Currently, immunoassays, such as enzyme-linked immunosorbent assay (ELISA), have been widely used in practice for the fast monitoring of pesticide residues in environmental or food samples7,8. However, individual small molecules always belong to one class of compounds, for instance, the phenylurea herbicide family9, and most of the resultant antibodies elicited by one specific hapten carrier usually cross-react with other structural analogues10,11. This is particularly true if they share an identical or very similar epitope with the hapten used. The mechanism of the cross-reaction between antibodies and different analogues is difficult to elucidate. Although many studies have suggested an antibody recognition mechanism based on X-ray graphs of the antibody with a hapten, crystallization of the title antibody-hapten complex (particularly in polyclonal antibodies) has become a new challenge due to stringent experimental conditions12,13,14.

Since the 1990s, computational chemistry, such as quantum chemistry and molecular mechanics methods, has been used for preliminary guidance on immunoassay development15,16,17. Computational chemistry not only provided a powerful method to explain the cross-reactivity but also became a useful tool to understand the hapten-antibody recognition mechanism in the absence of antibody physicochemical information. In particular, 2D-QSAR or 3D-QSAR methods, such as CoMSIA and CoMFA Contour, have been used in many studies to investigate the binding activities of polyclonal14,18,19 and monoclonal20,21 antibodies against structurally similar compounds. These methods, however, are only suitable for broad-specific antibodies that can recognize a large number of targets and are not suitable for antibodies that only recognize several compounds22.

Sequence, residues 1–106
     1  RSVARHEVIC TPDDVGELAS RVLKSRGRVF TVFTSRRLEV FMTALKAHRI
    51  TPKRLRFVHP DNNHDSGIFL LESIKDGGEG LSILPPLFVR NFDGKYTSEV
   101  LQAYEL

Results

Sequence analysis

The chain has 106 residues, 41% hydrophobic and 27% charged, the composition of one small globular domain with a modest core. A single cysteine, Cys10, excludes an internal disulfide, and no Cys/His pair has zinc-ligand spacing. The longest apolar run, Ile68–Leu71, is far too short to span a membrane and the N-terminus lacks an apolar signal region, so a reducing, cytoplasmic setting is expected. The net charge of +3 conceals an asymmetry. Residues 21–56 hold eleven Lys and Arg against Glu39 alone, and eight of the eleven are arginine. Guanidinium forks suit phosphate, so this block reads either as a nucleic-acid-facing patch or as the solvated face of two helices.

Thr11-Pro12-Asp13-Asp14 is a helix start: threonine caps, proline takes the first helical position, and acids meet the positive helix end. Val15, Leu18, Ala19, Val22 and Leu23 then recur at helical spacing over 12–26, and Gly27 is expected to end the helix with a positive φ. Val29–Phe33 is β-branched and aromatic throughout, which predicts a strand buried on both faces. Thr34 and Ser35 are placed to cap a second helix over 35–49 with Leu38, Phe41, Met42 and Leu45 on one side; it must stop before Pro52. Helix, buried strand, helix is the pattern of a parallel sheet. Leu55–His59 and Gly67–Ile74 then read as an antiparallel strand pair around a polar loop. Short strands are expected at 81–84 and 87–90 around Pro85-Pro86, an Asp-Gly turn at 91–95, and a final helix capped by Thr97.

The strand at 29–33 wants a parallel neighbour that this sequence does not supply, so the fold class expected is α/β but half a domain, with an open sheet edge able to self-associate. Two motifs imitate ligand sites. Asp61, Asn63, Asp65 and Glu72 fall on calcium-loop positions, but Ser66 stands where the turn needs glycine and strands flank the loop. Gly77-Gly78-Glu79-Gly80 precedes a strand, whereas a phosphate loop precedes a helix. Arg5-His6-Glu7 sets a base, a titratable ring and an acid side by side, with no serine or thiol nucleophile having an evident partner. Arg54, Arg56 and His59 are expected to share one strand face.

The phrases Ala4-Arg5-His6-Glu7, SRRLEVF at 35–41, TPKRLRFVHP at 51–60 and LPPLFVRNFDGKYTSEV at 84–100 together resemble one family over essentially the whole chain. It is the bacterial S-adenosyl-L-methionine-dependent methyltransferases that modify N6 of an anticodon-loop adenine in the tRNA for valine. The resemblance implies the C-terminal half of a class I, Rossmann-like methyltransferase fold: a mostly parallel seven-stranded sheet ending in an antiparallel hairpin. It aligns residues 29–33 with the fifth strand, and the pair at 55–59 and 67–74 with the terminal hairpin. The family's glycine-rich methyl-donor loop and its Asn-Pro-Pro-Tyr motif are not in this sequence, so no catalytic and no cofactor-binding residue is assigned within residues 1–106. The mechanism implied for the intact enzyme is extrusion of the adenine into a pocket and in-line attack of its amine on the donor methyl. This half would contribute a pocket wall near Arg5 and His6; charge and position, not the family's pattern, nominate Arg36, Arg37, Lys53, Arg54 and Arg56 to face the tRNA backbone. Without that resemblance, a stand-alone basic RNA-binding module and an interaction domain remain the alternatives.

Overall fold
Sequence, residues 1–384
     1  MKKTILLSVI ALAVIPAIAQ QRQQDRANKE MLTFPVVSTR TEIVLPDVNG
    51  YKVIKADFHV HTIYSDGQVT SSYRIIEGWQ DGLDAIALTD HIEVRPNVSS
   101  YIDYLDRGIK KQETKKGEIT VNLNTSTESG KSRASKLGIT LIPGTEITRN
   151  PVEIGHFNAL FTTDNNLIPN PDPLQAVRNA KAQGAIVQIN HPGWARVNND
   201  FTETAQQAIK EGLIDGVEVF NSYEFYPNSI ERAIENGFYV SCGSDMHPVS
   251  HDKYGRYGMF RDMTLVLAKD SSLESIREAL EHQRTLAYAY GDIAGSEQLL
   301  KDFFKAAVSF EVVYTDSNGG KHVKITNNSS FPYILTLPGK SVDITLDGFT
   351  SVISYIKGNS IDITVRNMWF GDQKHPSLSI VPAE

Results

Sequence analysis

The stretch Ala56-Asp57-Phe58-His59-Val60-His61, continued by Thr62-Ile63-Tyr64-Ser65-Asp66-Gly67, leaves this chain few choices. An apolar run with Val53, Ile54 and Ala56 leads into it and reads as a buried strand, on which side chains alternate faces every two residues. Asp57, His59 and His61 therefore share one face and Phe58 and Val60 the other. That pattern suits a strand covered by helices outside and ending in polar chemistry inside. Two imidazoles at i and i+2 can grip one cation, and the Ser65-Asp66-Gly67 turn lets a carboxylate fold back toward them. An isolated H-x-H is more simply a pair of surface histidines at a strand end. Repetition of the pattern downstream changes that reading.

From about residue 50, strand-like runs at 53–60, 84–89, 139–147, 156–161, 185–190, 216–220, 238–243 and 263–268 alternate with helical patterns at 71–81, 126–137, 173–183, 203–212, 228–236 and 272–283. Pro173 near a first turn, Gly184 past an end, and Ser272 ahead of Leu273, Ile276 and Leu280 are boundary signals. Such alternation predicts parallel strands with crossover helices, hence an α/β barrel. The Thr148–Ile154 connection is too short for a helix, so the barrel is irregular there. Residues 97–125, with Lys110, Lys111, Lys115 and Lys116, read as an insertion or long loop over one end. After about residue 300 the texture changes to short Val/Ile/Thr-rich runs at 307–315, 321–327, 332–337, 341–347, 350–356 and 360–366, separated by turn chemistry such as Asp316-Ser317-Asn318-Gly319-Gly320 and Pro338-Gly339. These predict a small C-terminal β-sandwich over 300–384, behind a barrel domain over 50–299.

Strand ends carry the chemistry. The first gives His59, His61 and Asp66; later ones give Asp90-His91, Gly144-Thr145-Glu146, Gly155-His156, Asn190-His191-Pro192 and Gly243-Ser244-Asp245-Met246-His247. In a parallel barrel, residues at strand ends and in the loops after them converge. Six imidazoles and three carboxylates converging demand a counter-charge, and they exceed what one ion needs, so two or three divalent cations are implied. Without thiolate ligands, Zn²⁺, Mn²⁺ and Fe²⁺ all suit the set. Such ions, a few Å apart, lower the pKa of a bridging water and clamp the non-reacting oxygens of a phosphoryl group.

In this study, a specific hapten was synthesized and conjugated to bovine serum albumin, as the immunogen, to produce a new anti-fluometuron polyclonal antibody. However, when we used the resultant antibody to develop a competitive ELISA, we encountered a general issue, as in most other immunoassays: the specific antibody could also recognize five other analogues with different activities. To explore how this antibody, elicited by one specific immunogen, could cross-react with other targets, the half maximal inhibitory concentration (IC50) values, presented as the binding activity of the antibody, were calculated and analyzed. Subsequently, quantum chemistry and molecular mechanics methods were employed to explain how the substituents of the six phenylurea compounds caused the differences in binding activity. Lastly, the molecular surfaces were quantitatively analyzed to correlate the binding activities and the molecular surface descriptors of substituents in the phenylurea compounds.